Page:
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Justices order in camera review of report to determine if material is privileged

September 4, 2014

The Indiana Supreme Court tackled two issues of first impression Wednesday in a dispute involving a family business and claims the company president caused a significant decrease in shareholder value.

Sibling minority shareholders in TP Orthodontics – Christopher, Adam and Emily Kesling – filed the complaint against their brother and president of the company, Andrew Kesling. A special litigation committee was formed to investigate the derivative claims. The SLC ultimately recommended only some of the claims be pursued and refused to hand over its full, unredacted report to the siblings. In the 140-page report, only 20 pages were unredacted based on TPO’s claim of attorney-client privilege and work-product privilege. The siblings sought the full report in order to try to show the SLC’s determination was not made after an investigation conducted in good faith based on I.C. 23-1-32-4(c).  This is an issue of first impression before the Supreme Court.

The trial court ordered the full report filed under seal and the Court of Appeals affirmed on interlocutory appeal.  And the justices agreed in part, holding that absent derivative claims of attorney-client privilege or work-product privilege, SLC reports are to be presumptively disclosed.  

“Here, there is no question that the full, unredacted SLC report is relevant at this stage of discovery proceedings, as the content of the report will provide the sibling shareholders with the information necessary to either prove or disprove the issue of whether the SLC conducted a good faith investigation into the derivative claims,” Justice Steven David wrote in TP Orthodontics, Inc., Christopher Kesling, DDS, MS, Adam Kesling, and Emily Kesling, et al. v. Andrew Kesling, Individually and as Trustee of the Andrew C. Kesling Trust Dated March 28, 2001 et al., 46S03-1405-MI-337.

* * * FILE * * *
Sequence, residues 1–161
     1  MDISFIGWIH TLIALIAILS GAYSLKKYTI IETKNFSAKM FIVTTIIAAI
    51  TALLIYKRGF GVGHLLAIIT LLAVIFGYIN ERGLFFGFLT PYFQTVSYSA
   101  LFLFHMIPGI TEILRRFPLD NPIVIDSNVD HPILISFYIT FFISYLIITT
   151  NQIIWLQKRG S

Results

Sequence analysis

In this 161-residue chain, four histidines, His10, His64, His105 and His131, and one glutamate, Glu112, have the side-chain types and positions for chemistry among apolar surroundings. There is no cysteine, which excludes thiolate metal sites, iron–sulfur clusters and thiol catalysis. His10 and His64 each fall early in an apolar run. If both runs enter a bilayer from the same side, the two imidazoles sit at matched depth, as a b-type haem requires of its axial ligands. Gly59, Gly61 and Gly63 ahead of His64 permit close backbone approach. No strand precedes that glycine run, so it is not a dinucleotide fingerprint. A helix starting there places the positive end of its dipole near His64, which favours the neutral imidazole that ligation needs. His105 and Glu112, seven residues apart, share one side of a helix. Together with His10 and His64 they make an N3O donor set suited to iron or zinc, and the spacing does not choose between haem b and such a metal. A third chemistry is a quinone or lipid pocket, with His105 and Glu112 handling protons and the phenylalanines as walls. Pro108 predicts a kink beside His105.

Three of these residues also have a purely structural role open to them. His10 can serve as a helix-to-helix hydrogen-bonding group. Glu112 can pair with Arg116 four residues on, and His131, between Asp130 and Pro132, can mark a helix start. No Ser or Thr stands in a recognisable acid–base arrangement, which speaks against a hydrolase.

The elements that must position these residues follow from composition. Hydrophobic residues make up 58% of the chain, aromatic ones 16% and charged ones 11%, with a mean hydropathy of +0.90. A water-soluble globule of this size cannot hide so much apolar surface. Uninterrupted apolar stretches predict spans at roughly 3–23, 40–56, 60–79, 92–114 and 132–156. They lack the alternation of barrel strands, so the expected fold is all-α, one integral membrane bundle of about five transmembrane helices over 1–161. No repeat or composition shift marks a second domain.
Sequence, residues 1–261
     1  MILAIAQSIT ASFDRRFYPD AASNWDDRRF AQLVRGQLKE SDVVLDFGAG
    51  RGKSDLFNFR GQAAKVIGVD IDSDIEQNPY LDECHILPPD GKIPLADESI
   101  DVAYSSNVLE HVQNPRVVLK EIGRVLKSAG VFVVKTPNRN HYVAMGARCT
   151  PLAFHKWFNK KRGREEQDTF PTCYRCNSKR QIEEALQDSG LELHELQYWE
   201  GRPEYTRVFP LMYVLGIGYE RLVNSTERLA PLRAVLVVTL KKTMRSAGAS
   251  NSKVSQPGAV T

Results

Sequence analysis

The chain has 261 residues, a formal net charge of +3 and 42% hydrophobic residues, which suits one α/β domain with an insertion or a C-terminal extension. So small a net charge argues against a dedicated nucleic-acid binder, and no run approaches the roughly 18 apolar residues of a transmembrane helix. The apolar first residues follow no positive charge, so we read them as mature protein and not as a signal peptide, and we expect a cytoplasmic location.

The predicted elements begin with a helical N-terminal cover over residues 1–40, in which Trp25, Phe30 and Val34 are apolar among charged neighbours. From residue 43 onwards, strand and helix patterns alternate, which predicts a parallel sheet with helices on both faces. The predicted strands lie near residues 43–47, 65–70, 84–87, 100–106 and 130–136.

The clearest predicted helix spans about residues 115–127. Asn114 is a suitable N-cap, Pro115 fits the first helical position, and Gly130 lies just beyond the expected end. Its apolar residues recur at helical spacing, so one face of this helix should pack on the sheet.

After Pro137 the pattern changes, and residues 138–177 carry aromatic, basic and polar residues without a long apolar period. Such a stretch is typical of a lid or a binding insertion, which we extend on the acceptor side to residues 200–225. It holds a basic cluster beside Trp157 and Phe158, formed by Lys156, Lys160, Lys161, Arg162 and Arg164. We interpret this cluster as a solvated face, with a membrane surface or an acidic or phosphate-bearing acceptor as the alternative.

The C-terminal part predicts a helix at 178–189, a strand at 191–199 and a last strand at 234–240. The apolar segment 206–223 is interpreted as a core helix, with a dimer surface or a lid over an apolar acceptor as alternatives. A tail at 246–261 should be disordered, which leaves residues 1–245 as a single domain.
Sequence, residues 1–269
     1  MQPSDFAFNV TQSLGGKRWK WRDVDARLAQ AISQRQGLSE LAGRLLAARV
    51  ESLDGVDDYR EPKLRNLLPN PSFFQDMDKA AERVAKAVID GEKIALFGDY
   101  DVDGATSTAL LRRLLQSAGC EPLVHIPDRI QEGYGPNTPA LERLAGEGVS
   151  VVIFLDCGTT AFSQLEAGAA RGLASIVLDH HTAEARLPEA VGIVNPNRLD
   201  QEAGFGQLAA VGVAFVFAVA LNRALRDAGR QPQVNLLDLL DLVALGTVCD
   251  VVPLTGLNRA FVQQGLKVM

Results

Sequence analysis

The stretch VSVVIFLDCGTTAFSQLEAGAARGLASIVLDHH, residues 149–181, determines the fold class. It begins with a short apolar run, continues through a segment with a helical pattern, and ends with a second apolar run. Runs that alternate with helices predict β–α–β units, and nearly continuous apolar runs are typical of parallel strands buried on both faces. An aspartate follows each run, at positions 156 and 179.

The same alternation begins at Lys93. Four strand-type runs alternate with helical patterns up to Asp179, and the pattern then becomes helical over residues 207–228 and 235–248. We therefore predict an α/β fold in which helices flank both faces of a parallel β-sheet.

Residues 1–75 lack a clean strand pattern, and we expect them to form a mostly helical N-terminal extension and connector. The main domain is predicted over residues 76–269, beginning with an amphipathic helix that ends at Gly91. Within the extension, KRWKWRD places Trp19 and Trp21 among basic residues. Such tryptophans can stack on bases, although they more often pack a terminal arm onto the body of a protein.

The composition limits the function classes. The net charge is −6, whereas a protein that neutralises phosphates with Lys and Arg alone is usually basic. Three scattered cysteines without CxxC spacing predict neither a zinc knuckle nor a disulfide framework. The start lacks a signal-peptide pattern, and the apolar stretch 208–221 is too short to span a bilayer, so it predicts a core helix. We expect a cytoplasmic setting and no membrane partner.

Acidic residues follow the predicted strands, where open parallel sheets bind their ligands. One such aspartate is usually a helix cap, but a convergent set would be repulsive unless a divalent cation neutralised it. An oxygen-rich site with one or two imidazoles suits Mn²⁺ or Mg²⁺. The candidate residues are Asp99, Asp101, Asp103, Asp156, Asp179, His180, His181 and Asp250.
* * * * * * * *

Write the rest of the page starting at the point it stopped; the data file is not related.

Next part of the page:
But TPO claims there is information in the report that must be redacted due to attorney-client privilege. The siblings argue that TPO implicitly waived any privileged information in the report by putting the SLC’s good faith at issue. The waiver of privilege in this context is also an issue of first impression for the justices.

The court decided that TPO met its burden of establishing the presence of confidential attorney-client communications within the SLC report.

“Although the sibling shareholders desire access to the full SLC report in order to meet their statutory burden of establishing the SLC’s lack of a good faith investigation, their wish for access cannot come at the expense of TPO’s desire to protect the privileged attorney-client communications and attorney work product contained within the report,” David wrote. “We therefore remand this case to the trial court and direct (1) TPO to specifically identify privileged attorney-client communications and attorney work product contained within the SLC report; (2) the trial court to review in camera the revised redacted SLC report and privilege designations to determine whether the designated material is in fact privileged; (3) the trial court to then order the release of the revised SLC report not protected by privilege to the sibling shareholders; and (4) the trial court to issue a protective order preventing any party from disclosing the report’s (unredacted) contents."
 

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